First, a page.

Many of you will be back into the swing of things after the Christmas and New Year break. For some it will be a brand new teaching year, whilst for others it will be the start of the latter half of the academic year.
Whichever it is for you, the Christmas break is the perfect time of year for making a resolution to do something better in your teaching practice.
Like the Greek masks there are different outward ways that can show your school community that the character of your classroom has changed.
But as the wise know, the outward can only be made permanent by changes to the inward.
Changes can take a while to get used to for both yourself and your students so when implementing change it’s best to do so incrementally.
So how do I make changes in my practice?
Teacher Character Changes
The most important change to make are the ones that alter how you think and act. For instance, you may have resolved over the holidays to be more patient with a particular student.
Or perhaps it was to adopt a more disciplined attitude to students accepting consequences for not handing in homework.
I might even have been to be a more positive and cheerful teacher despite all the stresses and trials of the job.
That might mean, remembering to smile at line up, when walking past a colleague you find it difficult to get on with, or when listening to an overbearing parent.
Or it might be that you concentrate too much on peripheral tasks and not on your core duties. Taking on extra-curricular tasks might make you look good to your boss, but only for a short time, if your own classroom practice isn’t up to standard.
Time has a great way of accumulating evidence of how a teacher really operates. So ensure you are fulfilling all your core duties to the highest standards before you commit to other tasks, which might mean making some real changes to what you do.
Remember, though to implement these changes in small steps. The biggest character changes are made by a thousand little alterations.
Classroom Character Changes
The second change relates to the character of your classroom. Over the holidays, did you reflect on the character of your classroom?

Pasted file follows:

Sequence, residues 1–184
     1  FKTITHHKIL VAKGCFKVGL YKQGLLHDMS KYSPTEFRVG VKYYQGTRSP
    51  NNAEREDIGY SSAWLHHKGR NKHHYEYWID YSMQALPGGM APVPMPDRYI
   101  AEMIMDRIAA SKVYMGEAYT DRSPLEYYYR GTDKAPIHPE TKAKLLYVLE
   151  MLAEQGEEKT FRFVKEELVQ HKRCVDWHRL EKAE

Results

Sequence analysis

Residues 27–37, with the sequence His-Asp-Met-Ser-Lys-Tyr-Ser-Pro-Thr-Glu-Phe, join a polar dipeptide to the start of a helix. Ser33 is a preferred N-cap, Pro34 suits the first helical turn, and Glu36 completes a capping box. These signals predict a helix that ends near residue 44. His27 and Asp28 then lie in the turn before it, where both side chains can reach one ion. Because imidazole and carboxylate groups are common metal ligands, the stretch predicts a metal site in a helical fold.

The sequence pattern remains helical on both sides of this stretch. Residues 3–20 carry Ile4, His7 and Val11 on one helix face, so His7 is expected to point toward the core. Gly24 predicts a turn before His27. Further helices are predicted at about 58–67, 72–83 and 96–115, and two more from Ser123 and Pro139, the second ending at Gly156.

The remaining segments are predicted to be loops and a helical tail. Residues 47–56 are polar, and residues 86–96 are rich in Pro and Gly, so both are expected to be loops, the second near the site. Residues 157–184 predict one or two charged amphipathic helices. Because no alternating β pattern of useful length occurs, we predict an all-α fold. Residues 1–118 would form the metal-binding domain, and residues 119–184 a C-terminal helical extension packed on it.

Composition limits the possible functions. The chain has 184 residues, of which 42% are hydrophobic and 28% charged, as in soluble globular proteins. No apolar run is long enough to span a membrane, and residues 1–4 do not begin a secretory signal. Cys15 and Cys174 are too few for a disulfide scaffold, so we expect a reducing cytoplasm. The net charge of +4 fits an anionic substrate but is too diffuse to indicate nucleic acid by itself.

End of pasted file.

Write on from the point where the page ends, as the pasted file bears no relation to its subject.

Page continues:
Is it an unruly undisciplined shambles? It is a positive learning environment? Is it uncontrollably noisy and unorganised? What do you think others think of your classroom character?
Whatever you reflected upon, its important to make some changes not only to your own character but to the overall character of the classroom too.
Often they will go hand in hand.
For example, if you reflected that you were not fulfilling your duty as a teacher by being lazy and unprepared, then making firm resolutions to be industrious and organised, will have the overall knock on effect of bringing your classroom up to a far greater standard academically.
There are many ideals we might consider as a goal for the character of our classroom: disciplined, tidy, happy, positive, organised, Catholic, healthy, studious, academic, traditional.
Which descriptors best fit your vision for your classroom?
When you identify the ones that you would like your class to look like, start making the small changes that are required to make it a reality, but ensure they correspond to the school mission.
“Let us therefore set out wholeheartedly, leaving aside our many distractions and exert ourselves in this single purpose, before we realise too late the swift and unstoppable flight of time and we are left behind. As each day arises, welcome it as the very best day of all, and make it your own possession. We must seize what flees.” Seneca, Moral Letter, 108.27b-28a
This is a call for action. The time for procrastination is over. To make changes, action has to happen.
The longer you neglect areas that need addressing, the more ingrained they become in your character. If you identify a weakness, practice little things every day that directly challenge it.
The colleague that you dislike: go out of your way to say hello and how are you, to them! The first time is the most difficult, the second easier, the third time easier still.
What about internal politics and backbiting amongst staff? There are colleagues who are adept at backbiting and trouble making, truly nasty in undermining others but who likewise dupe their supervisors into thinking that they are innocent and collegial.
Avoid them like the plague. Make a solemn interior declaration, starting from now, not to speak about other staff members unless in a positive way.
And a final example, what about the parent you are frightened of? Pick up the phone, take a deep breath and let them know how their child is doing. Before you know it your courage will have doubled.
So, before you dash off and get on with everything else you have to do today, why not take a moment to write in your diary, just one area of your own and your classroom’s character that you would like to change.
Put a reminder in your calendar one month from now to keep yourself accountable.